Samets explained that Vermont’s Jewish community — like many across the nation — is “divided on Israel issues,” but consistent with the state’s progressive leanings, is weighted heavily towards the more liberal end of the party. 

“I think he explores both sides fully,” Samets said, of Welch’s approach to Israel issues. “He’s very engaged, he’s very receptive, he’s easy to get to. We do very well around that with him… He’s reflective of where the Jews of Vermont are and open at the same time to the left and the right.”

Small noted that voters in the Burlington area largely hew strongly progressive.

“One of the reasons why Peter connects with the people in the community here… is because he is on the more progressive end of the Democratic Party, but he’s not far far left,” she said. “Here, he fits right in… The fact that he’s on the more progressive side means that some people [in the Jewish community] are not happy about that. He does have deep support for a lot of other reasons as well.”

She echoed Samets in saying that Welch is “cautious and careful” when it comes to Israel issues and “is not going to alienate people who have a strong position on the other side.

Samets told JI that Welch has been clear in conversations with the Jewish community that he opposes the Boycott, Divestment and Sanctions movement targeting Israel, which recently became a flashpoint in Burlington’s city council, and has been outspoken in recent months against antisemitism.

Small told JI that Welch reached out to her regularly in the wake of the 2018 Tree of Life Synagogue shooting in Pittsburgh to offer his support

“Peter called me and we spoke regularly during the course of that week,” she said. “I just consider that to have been a tremendous gift… [He] made sure that I knew that if I had any concerns, I could turn to him, which I did.”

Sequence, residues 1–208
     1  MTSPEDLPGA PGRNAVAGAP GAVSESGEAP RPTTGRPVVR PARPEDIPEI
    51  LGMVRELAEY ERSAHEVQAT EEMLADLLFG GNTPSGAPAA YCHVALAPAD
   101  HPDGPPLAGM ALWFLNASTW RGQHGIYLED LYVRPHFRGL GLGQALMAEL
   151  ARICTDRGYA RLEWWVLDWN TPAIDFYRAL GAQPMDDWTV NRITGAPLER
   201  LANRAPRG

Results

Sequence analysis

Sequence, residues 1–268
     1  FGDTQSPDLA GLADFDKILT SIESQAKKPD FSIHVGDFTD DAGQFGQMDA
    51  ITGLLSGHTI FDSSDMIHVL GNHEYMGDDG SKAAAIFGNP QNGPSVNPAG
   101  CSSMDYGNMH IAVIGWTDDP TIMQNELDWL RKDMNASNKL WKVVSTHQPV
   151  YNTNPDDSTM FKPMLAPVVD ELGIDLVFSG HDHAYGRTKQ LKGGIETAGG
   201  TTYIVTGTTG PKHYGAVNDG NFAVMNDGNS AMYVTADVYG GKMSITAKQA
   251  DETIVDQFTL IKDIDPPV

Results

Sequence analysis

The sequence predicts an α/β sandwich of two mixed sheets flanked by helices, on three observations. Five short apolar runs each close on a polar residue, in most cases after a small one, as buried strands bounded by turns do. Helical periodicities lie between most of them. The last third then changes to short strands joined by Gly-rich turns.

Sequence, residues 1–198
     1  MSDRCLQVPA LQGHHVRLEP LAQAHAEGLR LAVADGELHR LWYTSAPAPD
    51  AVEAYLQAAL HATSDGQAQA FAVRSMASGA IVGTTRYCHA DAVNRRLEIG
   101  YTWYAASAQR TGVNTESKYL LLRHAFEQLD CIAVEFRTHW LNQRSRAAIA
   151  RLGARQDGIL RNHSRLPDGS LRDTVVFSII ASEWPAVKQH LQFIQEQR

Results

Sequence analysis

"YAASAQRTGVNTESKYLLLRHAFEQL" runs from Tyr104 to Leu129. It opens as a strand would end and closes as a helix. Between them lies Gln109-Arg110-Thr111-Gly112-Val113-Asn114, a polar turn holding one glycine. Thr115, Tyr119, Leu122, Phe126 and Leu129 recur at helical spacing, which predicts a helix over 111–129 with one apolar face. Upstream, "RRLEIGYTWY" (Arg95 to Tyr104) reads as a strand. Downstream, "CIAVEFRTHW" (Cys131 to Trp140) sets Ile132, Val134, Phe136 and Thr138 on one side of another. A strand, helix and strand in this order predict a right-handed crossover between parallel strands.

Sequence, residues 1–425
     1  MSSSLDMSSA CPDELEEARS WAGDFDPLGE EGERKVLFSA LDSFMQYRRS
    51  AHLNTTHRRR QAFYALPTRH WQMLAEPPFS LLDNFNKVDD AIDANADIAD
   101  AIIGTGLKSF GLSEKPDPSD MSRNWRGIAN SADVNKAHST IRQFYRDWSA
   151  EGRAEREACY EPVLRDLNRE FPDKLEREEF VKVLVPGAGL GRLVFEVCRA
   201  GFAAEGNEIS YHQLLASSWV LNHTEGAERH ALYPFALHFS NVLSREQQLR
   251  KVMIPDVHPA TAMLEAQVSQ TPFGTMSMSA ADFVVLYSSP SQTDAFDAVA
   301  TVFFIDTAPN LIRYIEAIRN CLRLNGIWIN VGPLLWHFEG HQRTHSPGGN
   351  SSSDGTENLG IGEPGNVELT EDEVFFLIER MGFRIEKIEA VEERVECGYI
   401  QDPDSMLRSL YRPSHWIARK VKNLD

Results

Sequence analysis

“There have been times when I reached out to him when I had concerns about antisemitism and he’s concerned about it and he welcomes that contact,” Small continued.

Matt Dickinson, a professor of political science at Vermont’s Middlebury College, told JI that Welch’s entry into the race will likely “clear the field on the Democratic side.”

“I doubt that anyone will challenge him, at least anyone with any concern about reputation within the Democratic Party,” he said. As for the Republican side: “I’m not trying to say that Republicans have no chance. The reality is, though, this will be an uphill battle for them.”

Vermont voted overwhelmingly for both President Joe Biden and Welch in 2020 (the state has one at-large congressional district), with both Democrats picking up approximately two-thirds of the vote in the state. Both the state’s current Gov. Phil Scott and former Gov. Jim Douglas — who are both popular Republicans with significant crossover appeal — have ruled out running for the Senate seat.

“The Republicans have a very weak bench here in the state, so I think that, the context of this being a predominantly blue state, all of this says that the sound money right now would be on Peter Welch,” Dickinson said.

Although Welch, at 74 years old, is comparatively old for a first-term senator, Dickinson predicted his age would not be an issue for him in this campaign.

“If he wasn’t already well-known and we didn’t already have two octogenarians [in the Senate] I think it might be a concern,” he explained. “His appearance hasn’t changed dramatically, he’s still physically active. I don’t think it’s going to be an issue. Not this term, not for this election.”

One bellwether for the race will be whether the National Republican Senatorial Committee, the campaign wing of the Senate Republican conference, will spend money in the state, according to Dickinson. “If they do, that suggests their internal polling thinks they have a shot at this,” Dickinson said. 

Given that midterm elections are generally weak years for incumbent presidents’ parties and that Vermont is a “cheap state, relatively speaking” to run in, the Republicans could “take a shot at funding a candidate,” he continued.

“I think it’s far-fetched, but you can think of a scenario in which this race becomes more competitive than it looks right now,” he said.